Overhaul of access to new medicines on Scottish NHS

Health Secretary Shona Robison has announced an overhaul of how new medicines are approved.
Health Secretary Shona Robison has announced an overhaul of how new medicines are approved.
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Patients with rare or terminal conditions have been promised better access to new medicines as part of a major overhaul of Scotland’s drug system.

Health Secretary Shona Robison announced a raft of new measures to improve the medicine approval system, which has come under fire for lack of transparency and consistency.

A review by former NHS Fife chief executive Dr Brian Montgomery set out a range of recommendations to beef up powers for the Scottish Medicines Consortium (SMC), the body which chooses medicines for NHS use.

It comes after an outcry over the decision to refuse Scots breast cancer patients access to a drug available in England.

Ms Robison said: “Access to new medicines for rare or end-of-life conditions has substantially increased in recent years, but we wanted to go further.

“The reforms I am announcing today will help more patients to get better access to treatments that can give them longer, better quality lives.”

The NHS will have a stronger role in negotiating costs with drugs companies and the regulator will be able speed up the process by temporarily approving medicines while it gathers further evidence.

Individual requests for rare medicines will be handled by a new system and there will be a national appeals process.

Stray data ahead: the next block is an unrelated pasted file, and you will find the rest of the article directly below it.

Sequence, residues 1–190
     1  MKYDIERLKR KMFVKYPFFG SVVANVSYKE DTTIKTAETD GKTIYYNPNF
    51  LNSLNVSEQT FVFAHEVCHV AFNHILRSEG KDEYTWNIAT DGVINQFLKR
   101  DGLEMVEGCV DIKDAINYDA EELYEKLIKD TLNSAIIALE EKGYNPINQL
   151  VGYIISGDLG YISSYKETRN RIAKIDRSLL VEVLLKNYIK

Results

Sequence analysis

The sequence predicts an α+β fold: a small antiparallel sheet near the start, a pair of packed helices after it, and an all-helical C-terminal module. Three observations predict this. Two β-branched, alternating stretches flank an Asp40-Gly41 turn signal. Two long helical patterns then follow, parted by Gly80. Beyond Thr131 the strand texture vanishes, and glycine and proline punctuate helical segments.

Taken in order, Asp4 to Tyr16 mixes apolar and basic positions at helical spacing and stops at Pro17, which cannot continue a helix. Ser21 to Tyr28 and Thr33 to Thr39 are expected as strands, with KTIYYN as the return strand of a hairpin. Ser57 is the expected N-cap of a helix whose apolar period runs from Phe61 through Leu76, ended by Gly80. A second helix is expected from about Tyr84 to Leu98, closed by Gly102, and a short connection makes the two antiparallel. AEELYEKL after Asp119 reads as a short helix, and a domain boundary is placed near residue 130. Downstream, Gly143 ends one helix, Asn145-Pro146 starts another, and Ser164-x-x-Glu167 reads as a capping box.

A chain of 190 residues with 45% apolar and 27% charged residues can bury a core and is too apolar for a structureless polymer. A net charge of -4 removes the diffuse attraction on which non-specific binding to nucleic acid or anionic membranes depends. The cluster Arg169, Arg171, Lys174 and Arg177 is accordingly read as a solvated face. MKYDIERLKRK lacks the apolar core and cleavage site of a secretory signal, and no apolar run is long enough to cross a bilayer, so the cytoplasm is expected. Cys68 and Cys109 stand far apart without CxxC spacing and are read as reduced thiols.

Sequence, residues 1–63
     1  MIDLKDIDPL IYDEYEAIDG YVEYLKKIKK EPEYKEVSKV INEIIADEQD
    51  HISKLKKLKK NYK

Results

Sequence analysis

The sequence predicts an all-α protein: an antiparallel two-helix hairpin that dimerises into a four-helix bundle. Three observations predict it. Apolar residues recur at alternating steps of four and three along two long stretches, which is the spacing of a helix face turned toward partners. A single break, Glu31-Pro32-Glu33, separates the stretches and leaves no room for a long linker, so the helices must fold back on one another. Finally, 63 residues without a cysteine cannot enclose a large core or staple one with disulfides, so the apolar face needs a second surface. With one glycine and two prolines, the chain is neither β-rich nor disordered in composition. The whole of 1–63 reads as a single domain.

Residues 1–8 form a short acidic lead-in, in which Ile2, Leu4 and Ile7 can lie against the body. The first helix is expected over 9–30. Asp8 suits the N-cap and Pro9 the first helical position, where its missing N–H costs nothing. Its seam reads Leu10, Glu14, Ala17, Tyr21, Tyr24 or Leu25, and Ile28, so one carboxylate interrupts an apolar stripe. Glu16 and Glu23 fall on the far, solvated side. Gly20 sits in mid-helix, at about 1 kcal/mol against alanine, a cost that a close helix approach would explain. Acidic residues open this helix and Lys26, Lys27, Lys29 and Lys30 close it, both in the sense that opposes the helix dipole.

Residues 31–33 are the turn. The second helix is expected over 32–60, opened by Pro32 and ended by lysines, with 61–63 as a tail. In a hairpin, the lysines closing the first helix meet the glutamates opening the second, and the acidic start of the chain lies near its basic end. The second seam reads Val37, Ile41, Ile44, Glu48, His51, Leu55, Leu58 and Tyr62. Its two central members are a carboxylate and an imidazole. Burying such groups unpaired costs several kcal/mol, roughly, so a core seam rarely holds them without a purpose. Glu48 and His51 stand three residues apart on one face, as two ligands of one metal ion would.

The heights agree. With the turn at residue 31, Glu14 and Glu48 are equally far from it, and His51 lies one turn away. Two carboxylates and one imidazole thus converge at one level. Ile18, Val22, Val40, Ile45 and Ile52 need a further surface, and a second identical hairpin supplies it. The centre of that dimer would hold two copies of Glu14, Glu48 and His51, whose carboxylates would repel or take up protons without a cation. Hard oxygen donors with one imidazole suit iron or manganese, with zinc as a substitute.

The current system has attracted criticism over who is given access to drugs not routinely available on the NHS.

First Minister Nicola Sturgeon stepped in when the case of Anne MacLean-Chang, from Elgin, was covered in a national newspaper after she was denied the breast cancer drug Kadcyla.

Lesley Stephen, of Edinburgh, was forced to fund the treatment herself.

The mother-of-four said: “I felt incredibly frustrated and let down. This was compounded when I realised that other women with secondary breast cancer, living in different parts of Scotland, could access a drug that I had just been refused.

“I hope that these changes will now put women, like me, and their families first.”

Mary Allison, Breast Cancer Now Director for Scotland, said: “It’s thanks to the courage of women who have shared their experience of a broken system that politicians have responded with action.

“Today’s commitment from the Scottish Government is welcome but we urge them to be bold and deliver these changes quickly and effectively. There’s no time to lose.”